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Posts from — October 2016

Spitting at Hurricanes

Spitting at Hurricanes

We who live here in Florida recently dodged a bullet fired at us by Mother Nature. Matthew, a cat-5 hurricane that decimated poor Haiti, leaving a thousand dead, came roaring toward the Florida coast promising to unleash a cataclysm of weather after which there almost certainly would be deaths, injury, massive property damage, and widespread power outages. The governor of the state even declared, as Matthew approached, that the storm was a killer in the hope of persuading die-hards living near the ocean to evacuate. The Caribbean leading into the Atlantic and along the eastern seaboard of the U.S. is a predictable corridor for these devastating systems, so Floridians certainly are no strangers to the phenomenon, nor are we unique in this respect. Other parts of the country and the world have their own forms of exposure to the worst of the elements—earthquakes, flooding, drought, tornadoes, tsunamis, all of which demonstrate that we live at the mercy of forces far greater than we can control or even anticipate. When one of these natural disasters hits, all we can do is run for cover, hole up, wait it out, and hope for the best.

Well, that’s all we can do sanely. There is an insane alternative. We could stand outside in the murderous winds and curse Nature. We could raise our fists in protest, rail against the demons of earth and sky, even spit at them to express our frustration, helplessness, and sense of injustice in the face of such arbitrary and destructive power. Of course, spitting at a hurricane falls somewhat short of a good idea, because it amounts to spitting in one’s own face. Here, we have a metaphor that has far-reaching application in all areas of life where we find ourselves facing conditions that affect us, perhaps greatly, but about which we can do little or nothing.

The Greeks called such conditions “fate.” Nietzsche, who was well versed in the Greeks, went as far as to declare, “Amor fati”—love your fate! No mean task when you’re in your house surrounded by gale force winds, hoping some live oak won’t make an entrance through the roof. Maybe on a good day, we can accept our fate, work with it, tolerate it, meet it without resistance, which the Greeks regarded as a mark of good character. One of them, Heraclitus, states, “A man’s character is his fate,” suggesting that how we meet conditions that erupt into our lives without our permission and beyond our control actually determines what those conditions become for us. Our leverage then, lies not in the hands of fate, but in our hands. Fate may dictate what happens to us, but we get the last word. This is so important for living what the Greeks called “the good life,” that they viewed the refusal to accept one’s fate as an act of hubris before the gods, a failing of character that led ineluctably to suffering and tragedy.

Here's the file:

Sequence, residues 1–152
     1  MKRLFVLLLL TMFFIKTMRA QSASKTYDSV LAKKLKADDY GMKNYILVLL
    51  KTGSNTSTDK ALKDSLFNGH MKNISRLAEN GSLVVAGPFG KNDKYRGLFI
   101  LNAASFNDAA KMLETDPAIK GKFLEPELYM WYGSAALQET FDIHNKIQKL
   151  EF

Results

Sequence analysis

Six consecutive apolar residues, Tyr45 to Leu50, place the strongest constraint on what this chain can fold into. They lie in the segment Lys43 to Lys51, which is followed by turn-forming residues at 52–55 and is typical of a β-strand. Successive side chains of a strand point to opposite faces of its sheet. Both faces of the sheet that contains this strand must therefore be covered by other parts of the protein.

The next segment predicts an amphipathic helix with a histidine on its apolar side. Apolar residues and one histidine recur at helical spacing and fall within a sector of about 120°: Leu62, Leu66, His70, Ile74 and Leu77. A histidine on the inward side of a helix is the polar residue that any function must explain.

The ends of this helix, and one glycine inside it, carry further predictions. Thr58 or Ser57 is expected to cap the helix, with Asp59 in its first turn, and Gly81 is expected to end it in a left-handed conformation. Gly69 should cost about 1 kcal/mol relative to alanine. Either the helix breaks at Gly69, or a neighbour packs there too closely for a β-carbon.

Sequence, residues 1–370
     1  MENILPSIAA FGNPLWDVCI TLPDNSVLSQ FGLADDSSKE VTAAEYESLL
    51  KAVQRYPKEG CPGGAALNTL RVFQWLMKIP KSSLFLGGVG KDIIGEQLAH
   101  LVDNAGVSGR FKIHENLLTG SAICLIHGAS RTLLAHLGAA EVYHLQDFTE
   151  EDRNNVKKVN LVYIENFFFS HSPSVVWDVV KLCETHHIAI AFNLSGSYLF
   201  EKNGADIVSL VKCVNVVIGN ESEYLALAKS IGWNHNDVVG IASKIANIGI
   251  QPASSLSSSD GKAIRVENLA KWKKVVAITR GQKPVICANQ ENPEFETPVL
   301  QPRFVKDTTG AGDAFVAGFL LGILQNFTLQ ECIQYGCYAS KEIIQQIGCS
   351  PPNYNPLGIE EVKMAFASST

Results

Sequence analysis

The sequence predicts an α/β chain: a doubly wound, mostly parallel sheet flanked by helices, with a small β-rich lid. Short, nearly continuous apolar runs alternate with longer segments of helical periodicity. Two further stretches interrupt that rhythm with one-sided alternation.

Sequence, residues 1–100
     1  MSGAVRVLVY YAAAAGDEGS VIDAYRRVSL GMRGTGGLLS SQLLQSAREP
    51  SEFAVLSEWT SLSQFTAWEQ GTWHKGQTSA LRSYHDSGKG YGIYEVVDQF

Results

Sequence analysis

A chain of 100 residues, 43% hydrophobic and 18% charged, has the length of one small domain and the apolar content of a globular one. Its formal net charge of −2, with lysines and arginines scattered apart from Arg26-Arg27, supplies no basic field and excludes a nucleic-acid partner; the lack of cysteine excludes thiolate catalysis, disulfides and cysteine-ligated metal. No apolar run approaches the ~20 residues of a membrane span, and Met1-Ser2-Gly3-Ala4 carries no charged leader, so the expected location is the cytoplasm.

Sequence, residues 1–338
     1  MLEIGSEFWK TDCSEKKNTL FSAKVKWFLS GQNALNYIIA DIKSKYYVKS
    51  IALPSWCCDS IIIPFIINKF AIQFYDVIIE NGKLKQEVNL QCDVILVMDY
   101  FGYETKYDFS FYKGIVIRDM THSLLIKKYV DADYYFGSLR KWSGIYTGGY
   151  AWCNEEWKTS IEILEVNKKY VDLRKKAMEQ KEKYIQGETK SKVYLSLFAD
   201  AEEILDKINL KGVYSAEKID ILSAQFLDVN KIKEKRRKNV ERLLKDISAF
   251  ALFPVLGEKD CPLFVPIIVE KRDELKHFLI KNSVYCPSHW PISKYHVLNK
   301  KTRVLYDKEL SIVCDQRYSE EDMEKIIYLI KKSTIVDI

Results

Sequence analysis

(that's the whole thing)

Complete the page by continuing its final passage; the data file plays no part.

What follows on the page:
Oedipus Rex, the protagonist in the play by Sophocles, is the classical embodiment of this hubris. Not knowing when to quit, he stirs up hurricanes and refuses to stop spitting at them, even when he is warned by the prophet Tiresias. As a result, the ending of the story of Oedipus is anything but a happy one. Having turned a blind eye to the prophet and the gods, unwittingly having fulfilled a fate too horrible to behold, he blinds himself physically. In this story, Sophocles is offering posterity a bit of wisdom that shows how deeply the Greeks saw into the heart of what it means to be human, to live well or badly, and the inescapable interplay of free will and fate—a timeless truth in that it is as relevant today as it was when Socrates was kicking up dust within the city wall of Athens.

Hubris is a sickness of the soul, one that shows up in the insane attempt to control what lies beyond our control, to manage what no one can manage, to dictate outcomes that are not in our hands, to go riding with saber raised into battles we cannot win. This insanity, as obvious to anyone not immersed in the Sturm und Drang of an overreaching will as would be the insanity of spitting at a hurricane, may be all but invisible to the psyche blinded by hubris.

In applying what the Greeks knew, we may benefit greatly in any situation in which we find ourselves struggling or stressed, by reminding ourselves to acknowledge what we can influence and what we can’t, what lies in our hands and what does not, what diligence requires of us and what must be left to larger forces and timings to be worked out. Accepting what we can’t change is basic sanity, something that seems to be in short supply these days. Yet the choice for sanity is there. When the winds of circumstance are blowing, shaking the rafters and threatening to tear down the house, we may find a refuge at the center of our character in relinquishing all efforts of the will and accepting things as they are for the time being. That sanity is available to us regardless of conditions, even as an eye of calm exists at the center of every hurricane, unaffected by the fury surrounding it. Adverse forces don’t last forever. When we’re already being blasted by torrential rains, spitting into the wind only makes a bad situation worse. This bit of wisdom is not limited to the weather. Sometimes the secret to getting through a tough time lies in knowing what not to do.

October 12, 2016   Comments Off on Spitting at Hurricanes